Wordsmith.org: the magic of words

Wordsmith Talk

About Us | What's New | Search | Site Map | Contact Us  

Page 8 of 9 < 1 2 3 4 5 6 7 8 9 >
Topic Options
#123581 - 02/28/04 11:43 AM Re: tour-de-force
grapho Offline
addict

Registered: 11/09/03
Posts: 619
Loc: Carpal Tunnel Country
"In my youth," said his father, "I took to the law,
And argued each case with my wife;
And the muscular strength, which it gave to my jaw,
Has lasted the rest of my life."


That was the days before spouses could argue online, wwh.

Nowadays, they just end up with Carpal Tunnel syndrome.




Top
#123582 - 02/28/04 12:02 PM Re: tour-de-force
wwh Offline
Carpal Tunnel

Registered: 01/18/01
Posts: 13858
Dear grapho: Many spouses develop "ratchet jaw" instead.
Only on-line usage I could find for that was:
"Ratchet jaw...CB'er who talks too much "


Top
#123583 - 02/28/04 12:17 PM Re: tour-de-force
grapho Offline
addict

Registered: 11/09/03
Posts: 619
Loc: Carpal Tunnel Country
"ratchet jaw"

Rachet Jaw commonly induces a condition known as Hatchet Jaw in those who are exposed to it.

Hatchet Jaw can spread from the jaw to the fist very rapidly.

Speaking of "Ratchet Jaws", the other nite I stopped at a bar for a beer.

The guy sitting next to be at the bar started talking to me. I wasn't really into talking with a stranger but he wouldn't let up.

After a while, I simply ignored him. He still wouldn't let up.

Finally, I got up and took a seat far away, too far away to watch the sporting event I was trying to watch on the TV over the bar, but, at least, far away from Ratchet Jaw.

After awhile, I looked up and saw that Ratchet Jaw was still talking and joking with me ... at my empty seat at the bar.

Later, a regular of the bar told me that nobody feels sorry for Ratchet Jaw. He is a hail-fellow-well-met and never gets tired of his own company.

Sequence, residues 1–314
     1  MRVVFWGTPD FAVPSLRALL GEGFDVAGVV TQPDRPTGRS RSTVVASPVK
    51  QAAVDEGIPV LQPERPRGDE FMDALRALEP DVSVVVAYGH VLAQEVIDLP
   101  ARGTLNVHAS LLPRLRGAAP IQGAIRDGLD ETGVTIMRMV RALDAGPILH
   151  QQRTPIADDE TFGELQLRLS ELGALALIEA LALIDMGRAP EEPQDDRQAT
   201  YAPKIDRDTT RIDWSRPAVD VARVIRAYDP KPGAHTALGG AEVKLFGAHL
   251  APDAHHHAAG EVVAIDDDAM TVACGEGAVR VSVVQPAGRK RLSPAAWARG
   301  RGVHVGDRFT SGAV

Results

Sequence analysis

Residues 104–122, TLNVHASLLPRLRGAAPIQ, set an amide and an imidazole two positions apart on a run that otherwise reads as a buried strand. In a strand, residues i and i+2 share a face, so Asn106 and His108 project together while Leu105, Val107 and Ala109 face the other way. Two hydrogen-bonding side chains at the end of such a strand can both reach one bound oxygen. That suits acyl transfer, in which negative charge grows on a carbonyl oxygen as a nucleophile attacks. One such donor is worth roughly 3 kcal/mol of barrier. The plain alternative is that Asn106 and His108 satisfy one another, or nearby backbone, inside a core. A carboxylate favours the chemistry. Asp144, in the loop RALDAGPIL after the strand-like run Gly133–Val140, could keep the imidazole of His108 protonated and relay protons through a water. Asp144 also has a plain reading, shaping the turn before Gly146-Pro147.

True story.


Top
#123584 - 02/28/04 04:05 PM Re: tour-de-force
Jackie Offline

Carpal Tunnel

Registered: 03/15/00
Posts: 11609
Loc: Louisville, Kentucky
a word that means making the easy look difficult This could be one def. of finesse.


Top
#123585 - 02/28/04 04:26 PM Re: tour-de-force
wwh Offline
Carpal Tunnel

Registered: 01/18/01
Posts: 13858
Another name for "tour-de-force" could be "over-kill". I remember reading stories about King Arthur's knights, when
one of them would hit adversary on the helmet with his sword,, and cleave him right down to his crotch.
The opposite of that was the Saracen who had a sword so
sharp that if you dropped a gossamer veil on it, it would
be cut into two pieces just by its weight.
I also remember reading almost two years ago, Osama bin Laden feeling our use of 2,000 lb. bombs on Taliban was
reprehensible. (Actually I suspect those words were put
in his mouth by some journalist.)


Top
#123586 - 02/28/04 04:27 PM Re: tour-de-force
grapho Offline
addict

Registered: 11/09/03
Posts: 619
Loc: Carpal Tunnel Country
making the easy look difficult

An "easy look" at a scantily clad beauty can get a man into a lot of difficulties ... if he happens to be with his lady.

It's easier to get away with a furtive look than an easy look, but it isn't quite as rewarding.

In short, you don't have to make "the easy look difficult". It already is.

Ask any man who is not "your" man. He will tell you. There is nothing "easy" about an "easy look" in the right direction at the wrong time. In fact, there are few things more difficult.

Hmm. Gives me an idea for an invention. It is certain to be a big seller.

A tiny, clip-on, fold-out, rear vision mirror for men's eyeglasses.

It will be marketed for personal security, of course.

I wonder if it will be popular with women as well. You never know.


Top
#123587 - 02/29/04 09:23 AM "shocking" violence
grapho Offline
addict

Registered: 11/09/03
Posts: 619
Loc: Carpal Tunnel Country
Another name for "tour-de-force" could be "over-kill". I remember reading stories about King Arthur's knights, when one of them would hit his adversary on the helmet with his sword, and cleave him right down to his crotch.

To which wwh added in a PM, posted now with his permission:

"Cleave to the crotch" is "Like the Irish one about the hero saying he would lie down and bleed a while, and then get up and fight some more. That had to be written by some poet who never saw any combat at all. A man that has shed any appreciable amount of blood, particularly after heavy exertion, goesinto shock, and in the days when transfusion was impossible,was not likely to survive."

This Irish hero is a dainty and a malingerer next to Mel Gibson's "Christ" in "The Passion of the Christ", wwh.